“With the launch of 3Diligent Portal, we are empowering manufacturers with the tools they need to be successful during a pandemic environment,” says Cullen Hilkene, founder and CEO of 3Diligent. “It is an increasingly digital world, and it is vital that manufacturers digitize their operations in order to succeed. 3Diligent Portal will enable manufacturers to augment their online presences while providing customers the information they need to identify the best manufacturer for their job.”

The application will enable manufacturers around the world to build out a robust online presence, which has become increasingly important as the pandemic continues to significantly impact the manufacturing industry, Hilkene explains. Manufacturers and their customers have faced shutdowns and significant disruptions in their supply chains, and it is paramount that manufacturers can identify, engage with and secure new business. With 3Diligent Portal, Hilkene offers, customers can accurately identify solutions and fulfill manufacturing requests.

In addition to helping manufacturers build an online presence, the 3Diligent Portal page syncs with 3Diligent’s ProdEx manufacturing-as-a-service application and Shopsight software, allowing customers seeking parts and manufacturers receiving part requests to do so seamlessly and securely. Suppliers with paid Shopsight subscriptions also can issue instant quotes to customers using Portal.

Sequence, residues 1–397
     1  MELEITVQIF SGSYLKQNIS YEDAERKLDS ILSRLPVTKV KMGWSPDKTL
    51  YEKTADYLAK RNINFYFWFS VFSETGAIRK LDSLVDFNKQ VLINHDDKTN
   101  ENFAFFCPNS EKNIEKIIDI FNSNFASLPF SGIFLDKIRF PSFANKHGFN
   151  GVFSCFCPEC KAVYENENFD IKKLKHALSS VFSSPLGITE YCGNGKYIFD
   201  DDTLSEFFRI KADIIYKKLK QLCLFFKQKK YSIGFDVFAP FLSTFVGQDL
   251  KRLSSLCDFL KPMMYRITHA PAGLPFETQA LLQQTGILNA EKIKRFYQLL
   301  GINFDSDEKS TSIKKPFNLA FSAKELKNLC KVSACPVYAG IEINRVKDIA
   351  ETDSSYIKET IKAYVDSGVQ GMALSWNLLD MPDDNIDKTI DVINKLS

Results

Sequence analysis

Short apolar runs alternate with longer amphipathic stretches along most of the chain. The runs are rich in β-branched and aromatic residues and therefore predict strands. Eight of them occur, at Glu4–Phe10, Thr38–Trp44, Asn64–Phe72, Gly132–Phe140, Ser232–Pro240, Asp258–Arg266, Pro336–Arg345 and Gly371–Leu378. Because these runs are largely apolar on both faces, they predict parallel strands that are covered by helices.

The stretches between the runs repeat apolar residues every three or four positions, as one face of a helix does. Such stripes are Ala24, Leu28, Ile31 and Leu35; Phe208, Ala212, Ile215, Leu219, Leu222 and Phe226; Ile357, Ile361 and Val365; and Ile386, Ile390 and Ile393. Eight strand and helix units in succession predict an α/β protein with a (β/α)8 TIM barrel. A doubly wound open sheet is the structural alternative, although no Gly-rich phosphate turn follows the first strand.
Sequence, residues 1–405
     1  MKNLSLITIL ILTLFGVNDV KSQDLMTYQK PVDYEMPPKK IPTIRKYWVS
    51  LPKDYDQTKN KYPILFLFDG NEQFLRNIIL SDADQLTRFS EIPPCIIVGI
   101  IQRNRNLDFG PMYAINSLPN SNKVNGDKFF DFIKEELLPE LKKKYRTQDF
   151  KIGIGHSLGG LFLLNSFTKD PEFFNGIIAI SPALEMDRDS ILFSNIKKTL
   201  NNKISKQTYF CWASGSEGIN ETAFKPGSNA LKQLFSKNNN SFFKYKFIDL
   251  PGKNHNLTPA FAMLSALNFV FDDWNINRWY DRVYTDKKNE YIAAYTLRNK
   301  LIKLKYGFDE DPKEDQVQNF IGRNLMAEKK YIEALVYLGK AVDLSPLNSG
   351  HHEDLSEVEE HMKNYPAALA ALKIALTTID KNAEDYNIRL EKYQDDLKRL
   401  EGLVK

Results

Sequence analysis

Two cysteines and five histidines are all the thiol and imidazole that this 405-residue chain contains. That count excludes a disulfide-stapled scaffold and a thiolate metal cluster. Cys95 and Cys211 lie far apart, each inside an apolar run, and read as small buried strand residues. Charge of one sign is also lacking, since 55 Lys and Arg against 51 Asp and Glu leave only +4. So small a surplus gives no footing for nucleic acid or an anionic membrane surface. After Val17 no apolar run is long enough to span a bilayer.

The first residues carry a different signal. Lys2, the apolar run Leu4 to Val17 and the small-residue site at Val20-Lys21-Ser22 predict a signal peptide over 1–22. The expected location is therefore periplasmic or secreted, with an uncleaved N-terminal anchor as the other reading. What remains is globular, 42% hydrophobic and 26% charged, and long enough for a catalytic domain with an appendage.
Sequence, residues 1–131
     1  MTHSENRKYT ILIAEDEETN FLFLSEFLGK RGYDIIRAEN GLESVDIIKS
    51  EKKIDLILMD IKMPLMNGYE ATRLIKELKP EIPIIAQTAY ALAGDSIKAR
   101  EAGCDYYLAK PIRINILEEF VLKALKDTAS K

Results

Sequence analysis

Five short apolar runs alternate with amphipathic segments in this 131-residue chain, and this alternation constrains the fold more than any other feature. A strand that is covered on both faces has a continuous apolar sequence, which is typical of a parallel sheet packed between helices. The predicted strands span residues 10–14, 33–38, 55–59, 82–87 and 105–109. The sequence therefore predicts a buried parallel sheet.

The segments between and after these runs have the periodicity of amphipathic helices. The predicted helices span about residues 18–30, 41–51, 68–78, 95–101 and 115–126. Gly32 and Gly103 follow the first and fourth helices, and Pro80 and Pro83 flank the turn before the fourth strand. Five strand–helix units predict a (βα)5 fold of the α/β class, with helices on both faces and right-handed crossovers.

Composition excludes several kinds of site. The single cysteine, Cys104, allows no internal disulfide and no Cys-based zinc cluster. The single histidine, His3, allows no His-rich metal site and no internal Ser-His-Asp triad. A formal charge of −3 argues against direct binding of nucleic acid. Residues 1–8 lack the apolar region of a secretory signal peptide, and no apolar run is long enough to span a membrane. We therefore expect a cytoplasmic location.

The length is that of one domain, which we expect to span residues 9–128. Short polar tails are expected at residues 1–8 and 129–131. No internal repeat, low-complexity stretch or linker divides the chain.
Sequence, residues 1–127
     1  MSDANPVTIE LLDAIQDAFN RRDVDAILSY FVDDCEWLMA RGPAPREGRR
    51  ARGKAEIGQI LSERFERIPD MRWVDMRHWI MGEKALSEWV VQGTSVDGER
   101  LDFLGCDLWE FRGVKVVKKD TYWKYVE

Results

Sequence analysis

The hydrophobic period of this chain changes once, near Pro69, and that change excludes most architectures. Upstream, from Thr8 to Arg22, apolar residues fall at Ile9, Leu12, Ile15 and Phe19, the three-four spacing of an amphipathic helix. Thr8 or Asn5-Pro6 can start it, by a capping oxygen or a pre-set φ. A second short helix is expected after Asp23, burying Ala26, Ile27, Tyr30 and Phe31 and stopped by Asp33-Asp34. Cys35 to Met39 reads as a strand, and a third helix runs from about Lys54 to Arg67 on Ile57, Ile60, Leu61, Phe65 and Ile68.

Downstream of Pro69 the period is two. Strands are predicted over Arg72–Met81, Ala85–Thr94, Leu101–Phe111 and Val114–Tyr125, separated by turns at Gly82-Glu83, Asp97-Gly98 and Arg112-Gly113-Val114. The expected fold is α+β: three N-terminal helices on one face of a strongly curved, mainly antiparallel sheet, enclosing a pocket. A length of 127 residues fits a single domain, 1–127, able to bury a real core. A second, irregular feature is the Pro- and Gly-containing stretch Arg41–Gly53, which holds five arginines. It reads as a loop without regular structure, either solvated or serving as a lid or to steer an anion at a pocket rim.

3Diligent Portal is part of 3Diligent’s Vulcury Industry 4.0 software platform. Vulcury also includes ProdEx, Shopsight and 3Depot, 3Diligent’s database of digital-manufacturing technologies and materials.

ML Software Aiding Air Force in Determining Airworthiness of Laser-AM Parts

Senvol’s data-driven ML software for AM, Senvol ML, currently is being used to assist with a U.S. Air Force program focused on developing methodology for demonstrating airworthiness of multi-laser AM. The program, a collaboration between the Air Force Research Laboratory and Air Force Life Cycle Management Center with the University of Dayton Research Institute (UDRI) as the prime contractor, utilizes an EOS M400-4 quad-laser powder-bed fusion machine.